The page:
The income tax in Denmark was introduced in 1903 and is now divided into a state income tax and a local income tax. The state income tax is a progressive tax while the local income tax is a flat tax.
All income from employment or self-employment is taxed at 8% before income tax. This tax is termed a "gross tax" (Danish: Arbejdsmarkedsbidrag). Income below DKK 43.442 (USD 7,800) (2017-level, adjusted annually) is income tax-free, but subject to the gross tax.
Interest paid up to DKK 50,000 is tax deductible. Commuting exceeding 24 kilometers/day receives a DKK 2.05 per kilometer tax deduction. For commutes exceeding 100 kilometers per day, the rate is reduced to DKK 1.03 per kilometer. A number of other deductions apply. The general rule is that the taxpayer is able to deduct his/her expenses in acquiring their taxable income, although there are many exceptions to this rule. Employees have very limited possibilities for tax deduction as it is assumed that the employer covers the expenses related to the employee's work. The employer will then be able to deduct most of these expenses from his own taxable income. Furthermore, Union Fees are tax deductible.
The state income tax has two income brackets (base and top). In 2017 income from DKK 43.442 to DKK 479,600 is taxed at 5.83% and income above DKK 479,600 is taxed an additional 15%. Other taxes include Municipal income tax, currently in the range 23% - 28%, though on average 24.09%, and a state tax, in the range of 8% - 15%. A Health contribution tax (3% (2016);2% (2017);1% (2018);0% (2019)) apply on all income above the tax free allowance in year 2014, though from there the health contribution is getting merged with the regular income tax by one percent per year. From 1 January 2019 there will be no health tax as it will then have been phased out, by then being part of the income taxes that everyone pays. Under the Danish tax system, it is possible for a high-wage earner to pay up to 51.5% of their total income after gross tax, giving a total of 57% of total income.
The Danish ejendomsskat (or Municipal Property Tax) is a land value tax, which taxes the base value of the land according to either:The total value of the property minus the value of improvements or
The value of the property last tax year, altered by a growth/decline percentage.
Whichever of those two assessments is lower results in the base land value. This base land value is taxed at between 1.6 and 3.4% in 2013, although some individual properties may pay more or less.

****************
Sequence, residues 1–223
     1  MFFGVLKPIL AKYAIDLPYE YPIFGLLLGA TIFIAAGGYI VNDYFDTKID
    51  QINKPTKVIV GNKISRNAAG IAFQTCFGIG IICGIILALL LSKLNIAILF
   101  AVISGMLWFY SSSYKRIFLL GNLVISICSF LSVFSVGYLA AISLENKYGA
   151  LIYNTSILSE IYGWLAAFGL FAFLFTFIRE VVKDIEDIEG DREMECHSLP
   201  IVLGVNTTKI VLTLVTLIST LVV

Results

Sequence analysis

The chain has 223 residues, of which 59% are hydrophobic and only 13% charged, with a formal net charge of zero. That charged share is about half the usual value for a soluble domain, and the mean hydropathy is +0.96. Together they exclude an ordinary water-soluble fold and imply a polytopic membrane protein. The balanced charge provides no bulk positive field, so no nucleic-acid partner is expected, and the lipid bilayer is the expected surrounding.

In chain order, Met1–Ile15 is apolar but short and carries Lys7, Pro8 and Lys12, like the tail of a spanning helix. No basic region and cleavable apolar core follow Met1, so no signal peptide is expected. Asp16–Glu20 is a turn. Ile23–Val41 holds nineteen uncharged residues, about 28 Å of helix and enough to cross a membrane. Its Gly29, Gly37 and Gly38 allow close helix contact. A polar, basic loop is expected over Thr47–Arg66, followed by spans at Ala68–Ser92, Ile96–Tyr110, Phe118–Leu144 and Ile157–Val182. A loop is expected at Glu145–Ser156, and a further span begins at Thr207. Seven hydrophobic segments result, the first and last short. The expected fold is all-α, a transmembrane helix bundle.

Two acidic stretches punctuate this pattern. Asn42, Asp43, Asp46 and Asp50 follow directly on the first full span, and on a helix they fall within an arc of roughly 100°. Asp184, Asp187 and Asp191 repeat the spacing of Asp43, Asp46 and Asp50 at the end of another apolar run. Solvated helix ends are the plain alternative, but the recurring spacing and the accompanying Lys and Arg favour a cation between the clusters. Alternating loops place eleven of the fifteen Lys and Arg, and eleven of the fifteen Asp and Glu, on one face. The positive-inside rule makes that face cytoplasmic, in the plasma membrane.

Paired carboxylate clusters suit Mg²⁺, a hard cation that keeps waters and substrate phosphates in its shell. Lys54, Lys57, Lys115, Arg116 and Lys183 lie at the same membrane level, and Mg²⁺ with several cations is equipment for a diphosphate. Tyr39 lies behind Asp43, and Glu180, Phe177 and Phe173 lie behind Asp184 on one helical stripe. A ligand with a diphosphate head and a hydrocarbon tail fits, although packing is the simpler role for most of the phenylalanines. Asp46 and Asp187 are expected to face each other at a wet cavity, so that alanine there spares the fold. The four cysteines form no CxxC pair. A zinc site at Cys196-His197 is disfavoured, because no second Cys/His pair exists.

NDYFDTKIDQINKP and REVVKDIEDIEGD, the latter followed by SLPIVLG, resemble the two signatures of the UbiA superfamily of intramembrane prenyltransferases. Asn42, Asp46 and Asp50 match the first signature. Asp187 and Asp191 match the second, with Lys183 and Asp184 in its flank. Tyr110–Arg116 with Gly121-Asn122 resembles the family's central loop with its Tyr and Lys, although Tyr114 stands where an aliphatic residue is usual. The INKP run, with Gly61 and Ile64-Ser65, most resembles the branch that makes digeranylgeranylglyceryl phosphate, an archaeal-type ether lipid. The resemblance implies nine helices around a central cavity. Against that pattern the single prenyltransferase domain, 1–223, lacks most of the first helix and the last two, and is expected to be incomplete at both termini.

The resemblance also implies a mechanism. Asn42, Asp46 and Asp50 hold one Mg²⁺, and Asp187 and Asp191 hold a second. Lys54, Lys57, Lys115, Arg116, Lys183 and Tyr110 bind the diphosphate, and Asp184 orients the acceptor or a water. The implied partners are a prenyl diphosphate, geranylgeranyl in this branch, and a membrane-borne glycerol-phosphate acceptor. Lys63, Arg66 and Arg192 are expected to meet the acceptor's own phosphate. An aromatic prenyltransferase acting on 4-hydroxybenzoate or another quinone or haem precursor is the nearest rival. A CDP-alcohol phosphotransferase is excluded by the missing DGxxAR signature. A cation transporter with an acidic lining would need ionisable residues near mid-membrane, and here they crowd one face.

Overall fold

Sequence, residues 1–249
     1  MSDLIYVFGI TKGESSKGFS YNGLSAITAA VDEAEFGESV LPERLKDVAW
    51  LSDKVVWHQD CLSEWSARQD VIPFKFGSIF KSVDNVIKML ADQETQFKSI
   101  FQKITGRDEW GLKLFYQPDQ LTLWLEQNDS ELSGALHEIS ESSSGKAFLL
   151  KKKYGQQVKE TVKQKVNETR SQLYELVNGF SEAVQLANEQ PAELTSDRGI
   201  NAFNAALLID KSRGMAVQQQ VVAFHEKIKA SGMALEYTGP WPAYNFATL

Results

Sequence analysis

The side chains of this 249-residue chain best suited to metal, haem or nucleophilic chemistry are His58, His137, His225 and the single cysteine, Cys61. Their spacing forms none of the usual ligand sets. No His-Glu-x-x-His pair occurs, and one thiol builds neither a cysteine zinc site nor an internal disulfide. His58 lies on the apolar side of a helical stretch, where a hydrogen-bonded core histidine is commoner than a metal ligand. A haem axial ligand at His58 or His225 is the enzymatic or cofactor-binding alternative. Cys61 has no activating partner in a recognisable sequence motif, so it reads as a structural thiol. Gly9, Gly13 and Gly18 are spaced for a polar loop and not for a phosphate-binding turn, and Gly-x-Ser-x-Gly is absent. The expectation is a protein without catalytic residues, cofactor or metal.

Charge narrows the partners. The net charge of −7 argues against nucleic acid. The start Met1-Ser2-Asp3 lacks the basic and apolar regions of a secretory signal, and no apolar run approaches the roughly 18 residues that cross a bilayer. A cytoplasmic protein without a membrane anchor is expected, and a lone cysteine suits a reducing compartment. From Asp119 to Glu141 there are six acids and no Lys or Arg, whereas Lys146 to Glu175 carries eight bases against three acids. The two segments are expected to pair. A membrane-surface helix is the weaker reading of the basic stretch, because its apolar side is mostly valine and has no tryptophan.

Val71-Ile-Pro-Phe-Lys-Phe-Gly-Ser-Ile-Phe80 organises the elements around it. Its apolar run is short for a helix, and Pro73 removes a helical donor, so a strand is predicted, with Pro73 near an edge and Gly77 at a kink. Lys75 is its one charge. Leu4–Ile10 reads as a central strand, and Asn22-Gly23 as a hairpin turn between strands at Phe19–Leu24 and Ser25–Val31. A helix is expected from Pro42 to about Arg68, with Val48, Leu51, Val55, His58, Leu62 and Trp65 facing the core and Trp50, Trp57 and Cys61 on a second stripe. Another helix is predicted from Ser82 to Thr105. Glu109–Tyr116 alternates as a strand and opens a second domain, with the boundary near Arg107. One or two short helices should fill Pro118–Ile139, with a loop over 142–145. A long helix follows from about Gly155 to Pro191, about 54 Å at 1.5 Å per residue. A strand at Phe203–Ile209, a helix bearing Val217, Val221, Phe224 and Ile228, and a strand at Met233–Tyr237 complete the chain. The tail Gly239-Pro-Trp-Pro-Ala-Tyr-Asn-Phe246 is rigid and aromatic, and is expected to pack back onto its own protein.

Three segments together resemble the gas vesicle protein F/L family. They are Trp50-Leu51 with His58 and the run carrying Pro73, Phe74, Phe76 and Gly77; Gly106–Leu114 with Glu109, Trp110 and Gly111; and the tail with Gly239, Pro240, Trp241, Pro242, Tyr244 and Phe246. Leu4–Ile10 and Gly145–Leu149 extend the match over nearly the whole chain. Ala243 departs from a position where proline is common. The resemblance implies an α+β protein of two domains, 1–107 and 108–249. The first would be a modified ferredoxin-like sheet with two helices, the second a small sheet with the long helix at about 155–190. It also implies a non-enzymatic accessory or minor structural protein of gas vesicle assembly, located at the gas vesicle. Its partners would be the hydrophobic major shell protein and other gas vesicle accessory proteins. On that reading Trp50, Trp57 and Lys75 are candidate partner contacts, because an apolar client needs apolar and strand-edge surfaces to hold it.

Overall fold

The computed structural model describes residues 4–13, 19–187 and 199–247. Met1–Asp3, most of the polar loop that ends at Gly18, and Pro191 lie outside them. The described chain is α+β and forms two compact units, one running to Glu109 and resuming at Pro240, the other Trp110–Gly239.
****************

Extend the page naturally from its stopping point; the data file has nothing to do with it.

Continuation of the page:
Proceeds from selling ones home - if there is any home equity (Danish: friværdi) - are not taxed, as the marginal tax rate on capital income from housing savings is around 0 percent.
The local income tax varies from municipality to municipality. The highest local income tax in 2009 is 27.80% and the lowest is 22.70%.
The regional health care tax (Danish: Sundhedsbidrag) was 8% when it was introduced from 1 January 2007. It is set and handled by the central government, as the regions never have had the right to levy taxes independently unlike the counties. This tax will be phased out by 1 January 2019. 2016 it stands at 3%.
The sum of all income tax percentages (municipal income tax, state income taxes and the central government income tax financing health care in the Regions called health care contribution (Danish: Sundhedsbidrag)) cannot exceed 51.5%.
On top of the other taxes, members of the Danish National Church pay an additional 0.4% to 1.5% church tax. The rate depends on the municipality. While the church is a state institution, the church tax does not count toward the maximum 59% marginal tax, and one can be exempted from paying this tax by opting out of being a member of the state church.
Denmark has a non-deductible value added tax (VAT) of 25%, - MOMS (Danish: merværdiafgift, formerly meromsætningsafgift). The tax is subject to the European Union value added tax Directives.
In Denmark, VAT is generally applied at one rate, and with few exceptions is not split into two or more rates as in other countries (e.g. Germany), where reduced rates apply to essential goods such as foodstuffs. The current standard rate of VAT in Denmark is 25%. VAT in Denmark is one of the highest rates, alongside Norway and Sweden. A number of services have reduced VAT, for instance public transportation of private persons, health care services, publishing newspapers, rent of premises (the lessor can, though, voluntarily register as VAT payer, except for residential premises), and travel agency operations.